Inventors and Patents From the City of Jacksonville

Invent America! celebrates innovators and patents from the Jacksonville area. This article will highlight three Jacksonville-based companies and their patents and inventors. These companies include Camp Cuba Libre, ParkerVision, and Qualcomm. The article also explores how innovation can benefit businesses.

Invent America! honors inventors and patents from Jacksonville

“Invent America!” is a national competition that honors innovators from all over the country, and Jacksonville has many of them. The city is home to several patents and inventors, including the founders of Palm Computing and 3Com Corporation. These entrepreneurs have come up with many inventive ideas to improve the lives of other people. They have also been recognized by their peers and the public through their inventions.

Camp Cuba Libre

In May 1898, the United States established a military installation known as “Camp Cuba Libre” for the deployment of American troops in Cuba during the Spanish-American War. The camp housed approximately 30,000 soldiers under the command of Major General Fitzhugh Lee, the nephew of Robert E. Lee.


Recently, a company called ParkerVision filed a patent application for a new wireless technology called Direct2Data. This technology is based on a direct conversion transceiver and it is intended to allow companies to send and receive data wirelessly. The company is based in Jacksonville and designs platforms and products for the communications and video industries.

In 2011, ParkerVision sued Qualcomm over patent infringement. This patent infringement caused the company to sue Qualcomm for $173 million. However, the jury found that the company had failed to prove its case against Qualcomm, so the company appealed. In 2013, a federal judge ruled against ParkerVision, but not before it argued in a different way. The judge said that the patent was unenforceable and Qualcomm had the right to appeal the decision.

The Florida-based company believed that its plans would attract a growing technology economy to the city. However, the company had already filed two patent lawsuits against another company. It has since dropped its plans. This story illustrates the importance of patent law, and the role it plays in modern U.S. technology.


Qualcomm is the largest mobile chip provider in the world. Its inventions have changed the way people communicate. In 2007, the iPhone was introduced, and it was a game changer. Now, people are using smartphones and tablets to access the internet. Even grandpa is using them. The new technology means that he can send a cringey meme or a clown face emoji.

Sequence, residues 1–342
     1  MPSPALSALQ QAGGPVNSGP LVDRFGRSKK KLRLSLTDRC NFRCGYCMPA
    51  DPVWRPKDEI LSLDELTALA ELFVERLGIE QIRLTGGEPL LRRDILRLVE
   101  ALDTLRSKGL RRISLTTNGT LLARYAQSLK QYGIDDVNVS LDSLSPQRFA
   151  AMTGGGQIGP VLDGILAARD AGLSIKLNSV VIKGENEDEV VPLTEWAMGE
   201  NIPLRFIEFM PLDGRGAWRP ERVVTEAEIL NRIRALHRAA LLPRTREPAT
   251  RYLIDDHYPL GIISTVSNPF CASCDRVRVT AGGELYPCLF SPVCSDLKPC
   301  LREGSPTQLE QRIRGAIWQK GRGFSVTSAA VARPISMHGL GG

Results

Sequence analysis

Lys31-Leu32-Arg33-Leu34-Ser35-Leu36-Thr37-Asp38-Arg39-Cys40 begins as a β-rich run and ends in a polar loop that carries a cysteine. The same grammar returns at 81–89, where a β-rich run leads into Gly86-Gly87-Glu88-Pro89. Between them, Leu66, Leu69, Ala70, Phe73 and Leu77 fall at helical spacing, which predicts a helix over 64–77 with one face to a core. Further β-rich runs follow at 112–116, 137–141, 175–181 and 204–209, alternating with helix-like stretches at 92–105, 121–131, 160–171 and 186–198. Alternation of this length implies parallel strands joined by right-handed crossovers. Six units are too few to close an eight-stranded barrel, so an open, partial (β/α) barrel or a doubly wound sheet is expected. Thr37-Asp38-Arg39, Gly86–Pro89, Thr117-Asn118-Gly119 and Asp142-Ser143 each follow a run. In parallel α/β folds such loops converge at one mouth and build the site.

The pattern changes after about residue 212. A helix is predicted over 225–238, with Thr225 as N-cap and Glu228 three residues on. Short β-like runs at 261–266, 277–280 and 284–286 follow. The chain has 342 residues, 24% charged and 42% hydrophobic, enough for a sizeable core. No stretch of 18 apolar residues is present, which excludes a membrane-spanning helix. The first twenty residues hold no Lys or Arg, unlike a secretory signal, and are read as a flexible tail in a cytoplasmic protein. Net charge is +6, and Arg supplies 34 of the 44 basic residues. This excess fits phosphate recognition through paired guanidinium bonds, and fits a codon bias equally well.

Karczewicz was born in a port city in Poland and discovered his passion for mathematics while still in high school. After earning his Ph.D. at a university in Finland, he found work in the electronics industry and later at Nokia. In the mid-1990s, he moved to the company’s office in Dallas. He stayed for a decade, eventually joining Qualcomm.

Qualcomm’s attorneys argue that the evidence presented by Parkervision and other witnesses does not establish infringement. This case is now before the Federal Circuit, which will rule on the merits of the claims. Qualcomm will be seeking judgment and a new trial in this case.

A patent is a legal document issued for an invention. After being issued, it will last for 20 years. During that time, patents are subject to ongoing legal disputes. Patent maintenance fees are required at three, seven, and 11 years after a patent is issued. The fees can range from seven to 12 thousand dollars.

The City of Jacksonville has a rich history of technology, and the city is home to one of the world’s most successful companies in the wireless industry. In fact, the city of Jacksonville is home to several companies that produce products for the global market. One of those companies, ParkerVision, has been based in Jacksonville for nearly three decades. In 2000, the company leased a design space in Lake Mary. At the time, it had planned to hire talent from the Space Coast.

Helicopter Interdiction Tactical Squadron

The Helicopter Interdiction Tactical Squadrons is a special unit of the United States Coast Guard tasked with conducting drug interdiction missions in the Atlantic Ocean and Caribbean. The squadron is based at Cecil Field in Jacksonville, Florida. HITRON is equipped with armed helicopters. The squadron initially flew Agusta MH-68A Stingray helicopters, but recently transitioned to MH-65C Dolphin helicopters.

The Helicopter Interdiction Tactical Squadrons began operations in 1998. Under the leadership of Commander Mark ‘Roscoe’ Torres, the squadron developed novel operations and tactics that reshaped Coast Guard operations. The squadron worked closely with the United States Marine Corps’ HMLA-269 helicopter squadron, which helped train Coast Guard aircrews in aerial tactics and weapon employment.

The HITRON fleet of helicopters was equipped with the latest technology, including Forward Looking Infrared sensor systems. The squadron’s aircrews deploy wherever they’re needed to protect the maritime domain. HITRON and its predecessor, the MD-900 and MD-902 helicopters, interdicted 126 vessels and 159 tons of cocaine. In 2007, the HITRON squadron’s fleet was replaced by the MH-65C Dolphin helicopter.